Husband in Iraq, Ludhiana woman seesaws between hope and despair

Balbir, 51, had gone to Iraq in 2010 in a hope to earn a bit more for the betterment of his family. He used to work with GSS Steel Company in Mosul

punjab Updated: Mar 22, 2018 15:22 IST
Tarsem Singh Deogan
Tarsem Singh Deogan
Hindustan Times, Ludhiana
Husband in Iraq,Ludhiana woman,Sushma Swaraj
Family members of Balbir Chand, who has been missing in Iraq since 2014 and was not on the official list of 39 Indians declared dead, hold his photo at their residence in Selkiana village on Tuesday.(HT Photo)

When external affairs minister Sushma Swaraj on Tuesday told the Parliament that 39 Indians in Iraq’s Mosul have been killed, wife of Balbir Chand, a resident of Selkiana village on Rahon road, rushed to the Ludhiana mini secretariat to confirm the status of her husband, who had gone to Mosul in 2010 and has not contacted his family since 2014.

Babli, 46, wanted to know if there was any news about her husband, but had to return with a disappointment as the officials claimed of having no information on Balbir, whose name was also missing from the official list of dead Indians.

But that despair has certainly left Babli with a hope of seeing her husband again. She said Balbir, who last contacted her from Mosul on June 6, 2014, had promised her to return after earning lots of money. She still prays for the safe arrival of her husband.

Balbir, 51, had gone to Iraq in 2010 in a hope to earn a bit more for the betterment of his family. He used to work with GSS Steel Company in Mosul. “A chill ran down my spine when I was informed about the statement by Sushma Swaraj about the death of Indians in Mosul. I immediately went to mini secretariat to get any sort of confirmation, but the officials had no information on my husband,” Babli said.

She recalled having a brief conversation with Balbir on June 16, 2014, when the crisis in Iraq were on.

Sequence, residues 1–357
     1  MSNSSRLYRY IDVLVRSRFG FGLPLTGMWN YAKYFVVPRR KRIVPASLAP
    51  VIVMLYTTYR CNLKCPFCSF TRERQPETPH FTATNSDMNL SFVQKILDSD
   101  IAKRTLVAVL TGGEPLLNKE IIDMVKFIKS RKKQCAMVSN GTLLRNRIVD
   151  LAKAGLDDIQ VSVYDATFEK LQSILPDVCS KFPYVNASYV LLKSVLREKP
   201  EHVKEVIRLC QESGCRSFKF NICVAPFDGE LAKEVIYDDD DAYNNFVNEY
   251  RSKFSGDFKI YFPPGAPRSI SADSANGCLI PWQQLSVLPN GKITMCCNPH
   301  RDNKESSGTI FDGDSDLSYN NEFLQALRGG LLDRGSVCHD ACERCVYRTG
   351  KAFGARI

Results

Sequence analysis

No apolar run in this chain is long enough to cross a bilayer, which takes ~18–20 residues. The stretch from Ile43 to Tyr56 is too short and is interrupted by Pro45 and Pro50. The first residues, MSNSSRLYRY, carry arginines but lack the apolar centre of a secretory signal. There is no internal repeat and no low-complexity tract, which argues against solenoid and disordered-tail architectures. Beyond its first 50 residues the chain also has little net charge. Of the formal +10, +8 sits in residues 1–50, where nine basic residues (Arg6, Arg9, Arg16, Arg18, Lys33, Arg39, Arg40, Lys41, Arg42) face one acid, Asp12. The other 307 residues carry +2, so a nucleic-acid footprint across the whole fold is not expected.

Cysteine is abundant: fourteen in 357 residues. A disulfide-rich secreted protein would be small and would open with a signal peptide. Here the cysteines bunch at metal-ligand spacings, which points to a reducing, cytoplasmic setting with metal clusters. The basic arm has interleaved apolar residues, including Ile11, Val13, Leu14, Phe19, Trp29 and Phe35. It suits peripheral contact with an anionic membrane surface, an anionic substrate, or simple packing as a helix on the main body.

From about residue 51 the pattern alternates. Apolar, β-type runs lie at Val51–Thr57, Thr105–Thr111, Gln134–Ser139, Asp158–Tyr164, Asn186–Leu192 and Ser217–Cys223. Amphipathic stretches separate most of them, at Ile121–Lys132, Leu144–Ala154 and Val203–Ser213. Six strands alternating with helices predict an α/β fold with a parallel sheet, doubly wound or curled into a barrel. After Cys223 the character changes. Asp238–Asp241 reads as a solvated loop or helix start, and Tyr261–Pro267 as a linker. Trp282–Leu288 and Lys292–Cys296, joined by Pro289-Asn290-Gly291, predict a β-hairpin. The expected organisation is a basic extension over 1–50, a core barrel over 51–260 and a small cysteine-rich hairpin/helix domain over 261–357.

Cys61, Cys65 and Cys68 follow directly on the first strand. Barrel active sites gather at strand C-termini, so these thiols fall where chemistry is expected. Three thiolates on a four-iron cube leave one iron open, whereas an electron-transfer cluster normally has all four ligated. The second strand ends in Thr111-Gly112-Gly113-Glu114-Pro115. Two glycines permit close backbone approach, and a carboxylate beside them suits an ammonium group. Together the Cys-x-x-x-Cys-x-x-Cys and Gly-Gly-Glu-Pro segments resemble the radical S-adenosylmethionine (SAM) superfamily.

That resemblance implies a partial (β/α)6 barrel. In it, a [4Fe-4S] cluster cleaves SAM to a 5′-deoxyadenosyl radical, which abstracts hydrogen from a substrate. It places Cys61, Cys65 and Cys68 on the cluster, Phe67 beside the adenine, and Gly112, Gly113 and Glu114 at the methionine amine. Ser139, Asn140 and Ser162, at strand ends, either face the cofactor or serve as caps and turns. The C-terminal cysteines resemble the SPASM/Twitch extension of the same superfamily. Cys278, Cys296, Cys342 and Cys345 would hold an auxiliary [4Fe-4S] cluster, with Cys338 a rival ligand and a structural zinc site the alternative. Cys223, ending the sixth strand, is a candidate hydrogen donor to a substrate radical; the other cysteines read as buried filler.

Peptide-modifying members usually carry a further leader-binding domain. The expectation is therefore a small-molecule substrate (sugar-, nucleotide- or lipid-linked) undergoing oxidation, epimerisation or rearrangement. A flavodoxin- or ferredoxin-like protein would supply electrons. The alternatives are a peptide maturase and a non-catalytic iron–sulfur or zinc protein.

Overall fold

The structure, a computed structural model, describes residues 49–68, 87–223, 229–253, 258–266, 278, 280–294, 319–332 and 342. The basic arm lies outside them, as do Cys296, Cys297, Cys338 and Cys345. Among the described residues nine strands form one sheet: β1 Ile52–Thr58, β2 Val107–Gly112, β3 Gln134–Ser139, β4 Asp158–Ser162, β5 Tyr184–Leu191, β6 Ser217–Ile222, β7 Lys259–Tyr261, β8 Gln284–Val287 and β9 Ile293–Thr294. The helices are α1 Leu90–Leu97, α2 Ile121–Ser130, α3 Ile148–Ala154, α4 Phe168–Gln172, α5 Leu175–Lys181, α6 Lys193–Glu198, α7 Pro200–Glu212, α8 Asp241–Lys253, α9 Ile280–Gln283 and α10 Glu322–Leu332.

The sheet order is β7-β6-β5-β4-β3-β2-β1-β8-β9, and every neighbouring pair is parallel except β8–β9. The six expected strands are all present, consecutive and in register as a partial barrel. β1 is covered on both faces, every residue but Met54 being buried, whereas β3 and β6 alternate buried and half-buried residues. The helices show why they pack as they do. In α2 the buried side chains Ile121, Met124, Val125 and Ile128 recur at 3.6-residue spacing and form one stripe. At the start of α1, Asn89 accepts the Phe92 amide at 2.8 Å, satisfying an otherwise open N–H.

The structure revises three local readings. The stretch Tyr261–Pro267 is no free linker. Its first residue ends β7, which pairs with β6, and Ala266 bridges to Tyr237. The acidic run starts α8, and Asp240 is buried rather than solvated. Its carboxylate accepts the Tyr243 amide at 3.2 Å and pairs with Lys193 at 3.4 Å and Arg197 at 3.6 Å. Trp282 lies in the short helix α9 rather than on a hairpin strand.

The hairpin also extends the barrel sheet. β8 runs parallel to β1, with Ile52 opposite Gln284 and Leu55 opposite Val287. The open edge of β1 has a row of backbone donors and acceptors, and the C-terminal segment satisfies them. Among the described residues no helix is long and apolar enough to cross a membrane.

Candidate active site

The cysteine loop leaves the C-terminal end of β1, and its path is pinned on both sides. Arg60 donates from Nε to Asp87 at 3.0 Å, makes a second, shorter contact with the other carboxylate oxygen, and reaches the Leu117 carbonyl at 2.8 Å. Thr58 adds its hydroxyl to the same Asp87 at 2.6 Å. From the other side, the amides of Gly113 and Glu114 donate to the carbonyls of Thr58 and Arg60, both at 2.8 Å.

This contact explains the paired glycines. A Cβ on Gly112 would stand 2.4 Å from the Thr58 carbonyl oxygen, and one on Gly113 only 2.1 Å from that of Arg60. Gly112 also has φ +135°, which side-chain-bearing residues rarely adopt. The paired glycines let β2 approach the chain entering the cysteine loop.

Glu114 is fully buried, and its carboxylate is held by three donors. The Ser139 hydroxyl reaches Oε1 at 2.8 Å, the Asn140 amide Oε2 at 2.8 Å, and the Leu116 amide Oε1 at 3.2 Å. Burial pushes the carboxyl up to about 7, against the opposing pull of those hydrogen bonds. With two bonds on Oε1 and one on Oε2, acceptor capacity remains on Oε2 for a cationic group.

“My husband had told me that he, along with few other labourers, was trapped inside his factory while the militant groups had cordoned off the city,” she said. “I kept on trying to contact him after that day and initially, there were instances when someone else answered the calls and spoke in a foreign language that I could not understand,” Babli said. “But later on, all my calls went unanswered and after repeated attempts for several months, I stopped calling on that number and assumed that his mobile phone was stolen,” she added.

Balbir’s brother Shinderpal Singh, who is a postman in Amritsar, said Chand was the lone breadwinner in the family. “My sister-in-law had to resort to selling milk of the buffalo that she reared to meet daily needs,” he said.

“The government should clear the air over the status of Indians missing in Iraq. If they have been killed, their families should be compensated.

No end to miseries

The troubles for family did not only end with Balbir’s missing status. His elder daughter Kamaljit Kaur, 24, has also been suffering from a mental disorder.

“She had once fainted after going through a severe state of depression, and when she gained consciousness, she was diagnosed with a mental illness. She is now availing treatment from a psychiatrist, but there is hardly any improvement in her health,” Babli said.

“Our second daughter has also turned 21 this year. I am worried about her marriage now. My son Hansraj and another daughter Paramjit Kaur are young and studying. I hope that my husband comes back and shoulders the responsibilities,” she said.

First Published: Mar 21, 2018 10:14 IST